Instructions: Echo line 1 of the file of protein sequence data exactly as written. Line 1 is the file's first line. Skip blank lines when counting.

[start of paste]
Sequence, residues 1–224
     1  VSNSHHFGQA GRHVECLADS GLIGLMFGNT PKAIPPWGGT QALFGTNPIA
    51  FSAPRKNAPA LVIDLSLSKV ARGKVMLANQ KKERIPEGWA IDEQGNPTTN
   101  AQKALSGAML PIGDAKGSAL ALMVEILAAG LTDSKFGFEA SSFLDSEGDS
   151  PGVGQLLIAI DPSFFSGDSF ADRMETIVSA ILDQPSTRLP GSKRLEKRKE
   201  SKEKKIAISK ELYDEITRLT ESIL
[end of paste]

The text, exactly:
Sequence, residues 1–224